Paw Prints: Writings of the maddog
One of my readers, Corfy, commented to my last blog posting that he wished the Ohio Linux Fest would bring back “live penguins”, which inspired me to write this blog entry.
Many years ago a company called "Magic Software" brought some live penguins to one of the first Linuxworlds. They got the penguins from an animal farm which had raised the penguins by hand from eggs, and used the penguins in television commercials. These penguins had never been "wild", but had spent their whole life in captivity, often under the bright lights of television cameras.
These penguins had their own hotel room, with a plastic swimming pool, and newspapers put down on the floor so the penguins would not have to walk in their own droppings. In fact, as soon as a "dropping" hit the newspaper, it was cleaned up and replaced with a fresh sheet of paper. The penguins' room also had their own portable refrigerator for fresh fish.
These penguins had life better than I did. I knew of their life and accommodations at the Linuxworld event because the Magic people invited me up to the suite to see and hold the penguins. Fortunately no “droppings” occurred while I was holding them. I also met the handler and explained my relationship with this strange set of free software people and the event in general.
The penguins did not have to do that much “work”. They were brought out of their cage at the show for about half an hour every couple of hours to waddle around and “smile at the customers”, then they were put back into their cage by their handler to “relax”. Actually, they did not look that “un-relaxed” to me, simply curious about their surroundings.
I was in the Digital booth, which was near to the “Magic Software” booth when two men came up to the Magic booth and asked to see the penguins. The handler explained that the penguins were “resting” and the two men should come back in a couple of hours to see them. As the two people started to leave, I walked up to the group and said to the penguin handler “See that guy?” pointing to one of them, “None of this event would be here if it was not for him.....his name is Linus Torvalds. Show him the freaking penguins.” The handler then brought the penguins out, and Linus saw them and went on his way.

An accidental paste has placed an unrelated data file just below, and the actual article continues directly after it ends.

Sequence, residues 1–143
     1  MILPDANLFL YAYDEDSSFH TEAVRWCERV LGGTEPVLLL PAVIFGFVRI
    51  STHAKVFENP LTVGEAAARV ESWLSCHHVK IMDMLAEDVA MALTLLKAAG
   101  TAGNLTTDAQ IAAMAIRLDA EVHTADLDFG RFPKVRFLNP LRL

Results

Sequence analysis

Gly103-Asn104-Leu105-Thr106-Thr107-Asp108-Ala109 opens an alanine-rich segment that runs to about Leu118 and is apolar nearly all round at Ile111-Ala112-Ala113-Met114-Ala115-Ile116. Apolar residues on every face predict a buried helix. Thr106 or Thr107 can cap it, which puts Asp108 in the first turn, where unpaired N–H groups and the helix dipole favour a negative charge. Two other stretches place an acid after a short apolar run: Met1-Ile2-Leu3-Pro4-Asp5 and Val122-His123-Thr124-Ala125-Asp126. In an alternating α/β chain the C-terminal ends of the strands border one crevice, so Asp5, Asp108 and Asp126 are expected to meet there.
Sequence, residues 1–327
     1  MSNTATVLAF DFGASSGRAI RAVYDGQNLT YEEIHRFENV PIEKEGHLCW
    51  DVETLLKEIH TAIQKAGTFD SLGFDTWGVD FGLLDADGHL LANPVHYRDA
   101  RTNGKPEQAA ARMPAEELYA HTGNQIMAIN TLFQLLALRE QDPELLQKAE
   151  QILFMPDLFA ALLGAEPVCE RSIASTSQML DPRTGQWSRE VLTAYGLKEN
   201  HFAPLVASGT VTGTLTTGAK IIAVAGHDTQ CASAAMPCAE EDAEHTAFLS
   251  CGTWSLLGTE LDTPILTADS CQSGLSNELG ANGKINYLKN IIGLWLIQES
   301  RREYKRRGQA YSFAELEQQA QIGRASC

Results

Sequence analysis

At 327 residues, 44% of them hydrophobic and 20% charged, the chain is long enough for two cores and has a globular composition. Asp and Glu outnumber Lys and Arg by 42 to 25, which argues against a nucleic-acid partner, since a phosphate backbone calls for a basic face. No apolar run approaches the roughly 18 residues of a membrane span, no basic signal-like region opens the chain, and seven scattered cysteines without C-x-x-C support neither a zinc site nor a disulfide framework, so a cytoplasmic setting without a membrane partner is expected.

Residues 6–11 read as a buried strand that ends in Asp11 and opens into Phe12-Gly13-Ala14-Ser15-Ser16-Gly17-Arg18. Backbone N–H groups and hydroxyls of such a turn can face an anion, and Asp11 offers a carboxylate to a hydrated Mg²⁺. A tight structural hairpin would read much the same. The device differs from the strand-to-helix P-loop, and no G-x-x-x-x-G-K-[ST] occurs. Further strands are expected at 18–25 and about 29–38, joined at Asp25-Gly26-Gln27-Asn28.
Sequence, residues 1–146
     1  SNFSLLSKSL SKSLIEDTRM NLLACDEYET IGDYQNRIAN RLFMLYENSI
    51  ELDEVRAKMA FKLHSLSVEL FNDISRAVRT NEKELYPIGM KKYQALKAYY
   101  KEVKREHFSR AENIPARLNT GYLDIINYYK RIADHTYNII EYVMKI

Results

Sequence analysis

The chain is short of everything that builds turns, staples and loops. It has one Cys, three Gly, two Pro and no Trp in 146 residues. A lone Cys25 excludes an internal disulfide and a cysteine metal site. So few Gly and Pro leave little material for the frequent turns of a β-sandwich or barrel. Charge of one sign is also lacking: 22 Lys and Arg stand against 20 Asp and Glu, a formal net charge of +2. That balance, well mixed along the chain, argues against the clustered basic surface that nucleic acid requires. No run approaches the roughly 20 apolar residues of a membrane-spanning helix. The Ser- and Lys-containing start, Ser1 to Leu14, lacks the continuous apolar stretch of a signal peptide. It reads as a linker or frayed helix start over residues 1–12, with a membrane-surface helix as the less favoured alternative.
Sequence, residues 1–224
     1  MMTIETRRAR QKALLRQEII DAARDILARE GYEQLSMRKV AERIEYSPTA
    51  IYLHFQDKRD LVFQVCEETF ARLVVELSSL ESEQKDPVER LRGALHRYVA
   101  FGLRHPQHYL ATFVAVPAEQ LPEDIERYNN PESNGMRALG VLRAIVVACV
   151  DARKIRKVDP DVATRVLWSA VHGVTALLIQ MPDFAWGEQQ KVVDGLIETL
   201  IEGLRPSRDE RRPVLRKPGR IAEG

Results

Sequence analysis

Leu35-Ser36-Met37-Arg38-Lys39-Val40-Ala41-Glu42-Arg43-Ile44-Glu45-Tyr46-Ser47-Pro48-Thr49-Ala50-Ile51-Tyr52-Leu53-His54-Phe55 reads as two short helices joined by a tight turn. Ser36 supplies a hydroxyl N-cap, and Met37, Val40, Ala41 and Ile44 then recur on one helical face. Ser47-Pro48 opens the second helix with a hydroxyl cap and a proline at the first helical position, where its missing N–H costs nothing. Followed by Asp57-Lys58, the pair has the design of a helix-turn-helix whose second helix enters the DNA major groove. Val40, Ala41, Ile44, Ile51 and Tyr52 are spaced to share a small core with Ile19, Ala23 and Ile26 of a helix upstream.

The next day a lady showed up with her two small children, one in a baby carriage, and asked to see the penguins. She was also told to “come back in a couple of hours”. The small entourage started to leave, and once again I wandered over to the booth:
“Remember that guy who was here yesterday who was the architect of the Linux kernel? This is his wife and two daughters, and my godchildren......get out the freaking penguins!”
About a month after Linuxworld I got a call from the show management. Apparently someone had written to the San Francisco Chronicle about how horrible it was that live penguins were “taken from the wild” and made to perform at the event, their “eyes open wide with fear”.
Folks, penguins hunt fish under water. Their eyes are nearly always wide open. (sigh)
Carpe penguin!comments powered by Disqus
HP's annual Cyber Risk report offers a bleak look at the state of IT.
But what do the big numbers really mean?
.NET Core execution engine is the basis for cross-platform .NET implementations.
The Xnote trojan hides itself on the target system and will launch a variety of attacks on command.
Spammers go low-volume, and 90% of IE browsers are unpatched.
Adobe scrambles to release patches for vulnerable Flash Player.
Four-inch-long computer on a stick lets you boot a full Linux system from any HDMI display device.
New statute would require companies to report break-ins to consumers.
Weird data transfer technique avoids all standard security measures.
FIDO alliance declares the beginning of the end for old-style login authentication.